The Swansea University projection has been exceeded in recent weeks, the Technical Advisory Group said.
It comes as ministers are considering whether new restrictions will be needed after Christmas to tackle rising cases.
However the Welsh Government has been accused of losing control and lacking a strategy by opposition parties.
Wales, which had a 17-day firebreak lockdown in October and November, saw its case rate overtake England's on 23 November.
But First Minister Mark Drakeford suggested further restrictions are unlikely before the festive period.
A controversial ban on alcohol sale in pubs and restaurants was brought in last Friday.
A report from TAG, the Welsh Government's scientific advisory body, said: "Wales has seen a greater increase in confirmed cases and mobility since the firebreak which suggests that hospital admissions and deaths may increase in the next 2-3 weeks depending on the age structure of cases."
It added: "Deaths are currently as high as May, with the excess death rate in Wales higher than in England and Scotland over recent weeks, and tracking above our reasonable worst case."
It is not clear what period of time the report, dated 2 December, is referring to.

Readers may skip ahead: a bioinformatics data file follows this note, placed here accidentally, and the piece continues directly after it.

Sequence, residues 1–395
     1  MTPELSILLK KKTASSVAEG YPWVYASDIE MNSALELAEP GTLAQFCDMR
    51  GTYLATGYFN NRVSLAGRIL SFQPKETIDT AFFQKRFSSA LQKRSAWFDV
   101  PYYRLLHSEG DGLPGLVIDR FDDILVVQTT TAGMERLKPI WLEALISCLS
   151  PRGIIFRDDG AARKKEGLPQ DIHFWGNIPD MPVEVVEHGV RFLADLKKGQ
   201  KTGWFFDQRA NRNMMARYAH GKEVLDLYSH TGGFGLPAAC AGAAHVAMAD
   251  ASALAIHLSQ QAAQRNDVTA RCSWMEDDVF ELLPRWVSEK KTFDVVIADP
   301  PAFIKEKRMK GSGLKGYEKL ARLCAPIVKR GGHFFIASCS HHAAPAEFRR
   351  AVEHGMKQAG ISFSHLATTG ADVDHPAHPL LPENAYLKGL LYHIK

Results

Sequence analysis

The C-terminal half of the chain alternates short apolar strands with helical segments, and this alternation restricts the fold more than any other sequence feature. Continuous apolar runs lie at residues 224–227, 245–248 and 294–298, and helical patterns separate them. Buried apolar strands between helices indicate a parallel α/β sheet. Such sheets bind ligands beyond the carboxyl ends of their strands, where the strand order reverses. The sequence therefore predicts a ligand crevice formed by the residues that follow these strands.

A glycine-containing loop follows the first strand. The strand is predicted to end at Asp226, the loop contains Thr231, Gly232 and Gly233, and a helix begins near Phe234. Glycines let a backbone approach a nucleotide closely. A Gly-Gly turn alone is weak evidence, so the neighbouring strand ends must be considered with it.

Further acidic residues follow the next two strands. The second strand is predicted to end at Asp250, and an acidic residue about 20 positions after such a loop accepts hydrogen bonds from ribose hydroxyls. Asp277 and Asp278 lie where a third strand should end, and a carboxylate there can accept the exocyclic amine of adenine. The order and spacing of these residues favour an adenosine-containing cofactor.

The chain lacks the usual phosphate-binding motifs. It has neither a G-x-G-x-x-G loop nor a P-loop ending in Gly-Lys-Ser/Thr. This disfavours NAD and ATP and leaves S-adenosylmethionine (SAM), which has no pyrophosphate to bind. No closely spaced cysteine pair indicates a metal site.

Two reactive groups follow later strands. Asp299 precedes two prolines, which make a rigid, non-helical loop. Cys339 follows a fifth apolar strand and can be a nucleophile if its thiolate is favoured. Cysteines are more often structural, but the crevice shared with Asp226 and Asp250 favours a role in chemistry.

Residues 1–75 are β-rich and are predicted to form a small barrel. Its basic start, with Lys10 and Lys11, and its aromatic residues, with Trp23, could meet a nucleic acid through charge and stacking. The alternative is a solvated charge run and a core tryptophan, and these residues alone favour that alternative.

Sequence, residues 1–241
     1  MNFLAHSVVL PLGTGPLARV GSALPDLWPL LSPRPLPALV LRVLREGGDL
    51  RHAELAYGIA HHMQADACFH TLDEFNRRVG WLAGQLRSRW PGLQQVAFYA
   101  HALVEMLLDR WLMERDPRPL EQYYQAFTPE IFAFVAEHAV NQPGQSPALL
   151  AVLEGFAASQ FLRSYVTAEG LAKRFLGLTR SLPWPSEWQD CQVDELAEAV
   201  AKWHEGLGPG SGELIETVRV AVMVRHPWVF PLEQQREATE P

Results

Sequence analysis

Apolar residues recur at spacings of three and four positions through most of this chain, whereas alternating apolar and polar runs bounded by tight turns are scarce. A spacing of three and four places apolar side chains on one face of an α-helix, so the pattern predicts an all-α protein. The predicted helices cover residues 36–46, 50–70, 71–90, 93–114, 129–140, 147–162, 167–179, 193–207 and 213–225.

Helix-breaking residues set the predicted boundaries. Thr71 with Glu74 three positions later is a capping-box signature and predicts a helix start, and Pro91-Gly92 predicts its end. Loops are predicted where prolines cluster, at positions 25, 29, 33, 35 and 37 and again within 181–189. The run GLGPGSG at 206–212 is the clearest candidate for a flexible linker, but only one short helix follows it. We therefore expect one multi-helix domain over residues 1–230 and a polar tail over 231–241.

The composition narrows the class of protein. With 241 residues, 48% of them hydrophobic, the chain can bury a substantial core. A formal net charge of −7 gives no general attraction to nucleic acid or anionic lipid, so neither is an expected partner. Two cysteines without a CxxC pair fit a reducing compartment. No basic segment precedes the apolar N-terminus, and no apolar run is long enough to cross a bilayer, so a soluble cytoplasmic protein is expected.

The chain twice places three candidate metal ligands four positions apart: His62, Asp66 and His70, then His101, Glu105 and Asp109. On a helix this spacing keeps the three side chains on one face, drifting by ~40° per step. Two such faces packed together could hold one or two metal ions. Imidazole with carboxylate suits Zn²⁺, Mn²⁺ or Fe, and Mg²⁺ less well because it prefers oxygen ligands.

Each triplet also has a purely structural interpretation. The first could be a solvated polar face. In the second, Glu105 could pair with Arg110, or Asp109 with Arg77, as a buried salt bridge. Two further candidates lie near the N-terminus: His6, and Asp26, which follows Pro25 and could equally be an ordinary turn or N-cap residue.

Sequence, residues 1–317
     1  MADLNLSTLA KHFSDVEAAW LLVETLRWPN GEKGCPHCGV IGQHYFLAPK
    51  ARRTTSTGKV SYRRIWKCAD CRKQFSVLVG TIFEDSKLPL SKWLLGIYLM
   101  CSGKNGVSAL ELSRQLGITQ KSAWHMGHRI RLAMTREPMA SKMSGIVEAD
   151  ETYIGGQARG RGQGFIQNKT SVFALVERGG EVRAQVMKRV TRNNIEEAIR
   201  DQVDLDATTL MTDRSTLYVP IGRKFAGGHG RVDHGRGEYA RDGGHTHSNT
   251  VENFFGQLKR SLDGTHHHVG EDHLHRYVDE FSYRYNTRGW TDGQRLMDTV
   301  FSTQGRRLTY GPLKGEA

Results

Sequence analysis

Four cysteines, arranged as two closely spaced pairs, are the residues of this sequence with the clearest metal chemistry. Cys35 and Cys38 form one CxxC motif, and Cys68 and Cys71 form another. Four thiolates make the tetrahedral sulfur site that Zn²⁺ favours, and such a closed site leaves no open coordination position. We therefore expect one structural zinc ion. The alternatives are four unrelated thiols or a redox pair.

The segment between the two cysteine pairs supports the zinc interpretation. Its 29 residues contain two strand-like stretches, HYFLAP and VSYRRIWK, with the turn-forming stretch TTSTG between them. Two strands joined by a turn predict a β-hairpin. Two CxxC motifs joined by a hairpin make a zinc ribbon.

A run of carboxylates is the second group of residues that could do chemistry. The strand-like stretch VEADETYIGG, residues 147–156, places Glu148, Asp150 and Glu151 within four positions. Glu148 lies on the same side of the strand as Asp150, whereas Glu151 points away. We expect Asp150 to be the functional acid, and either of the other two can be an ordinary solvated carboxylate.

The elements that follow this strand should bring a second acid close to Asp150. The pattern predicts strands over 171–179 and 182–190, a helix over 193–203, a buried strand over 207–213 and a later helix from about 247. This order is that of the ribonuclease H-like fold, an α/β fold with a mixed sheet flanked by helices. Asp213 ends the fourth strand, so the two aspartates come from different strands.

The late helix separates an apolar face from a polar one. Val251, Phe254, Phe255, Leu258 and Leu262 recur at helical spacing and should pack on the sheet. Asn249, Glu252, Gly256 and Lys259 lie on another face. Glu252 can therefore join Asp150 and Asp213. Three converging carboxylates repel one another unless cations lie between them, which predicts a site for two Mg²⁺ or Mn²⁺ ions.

Prior to the firebreak, it was projected under Swansea University's reasonable worse case scenario model that 6,000 people could die by March, but a new model had been commissioned which has not yet been published.
There were 218 deaths with Covid-19 in the latest weekly figures from the Office for National Statistics (ONS) - bringing the number of deaths in Wales to a total of 3,767.
Wales had a seven-day case rate of 267.8 per 100,000 people in the seven days up to 1 December, compared to 251.6 on 30 November.
The number of deaths per 100,000 people in the seven days to 1 December was 5.07, compared to 4.3 in England, 3.5 in Scotland and 3.3 in Northern Ireland.
On Monday Health Minister Vaughan Gething had said Wales was the only part of the UK not seeing falling cases at the end of November.
Latest figures from NHS Wales showed there were 82 people were being treated on invasive ventilated beds, including in critical care, for confirmed or suspected coronavirus on Monday - the highest since early May.
Dr Ami Jones, an intensive care unit consultant at Aneurin Bevan University Health Board in south-east Wales, said she was "very worried".
"Over half of my ITU has Covid patients now, there are wards and wards full of Covid patients.
"The problem is there is a sting in the tail. It takes a good 10 days, of someone catching Covid, getting poorly and needing hospital.
"So I see the numbers every day pop up on how many new tests there are, and I think 'God, in 10 days time that is going to hit us', and you know we are going to be in a position of speaking to a family over the phone and telling them: 'I'm really sorry I don't know if I can get your loved one through this'."
Of those in critical care with Covid, 22 were in Cwm Taf Morgannwg, 21 were in Swansea Bay, 12 in Aneurin Bevan, 11 in Cardiff and Vale, nine in Betsi Cadwaladr and seven in Hywel Dda.
The figures also show there were 30 more patients in critical care than the usual capacity.
Overall, there are 1,810 Covid patients in hospital, including record numbers recovering from the effects of the virus.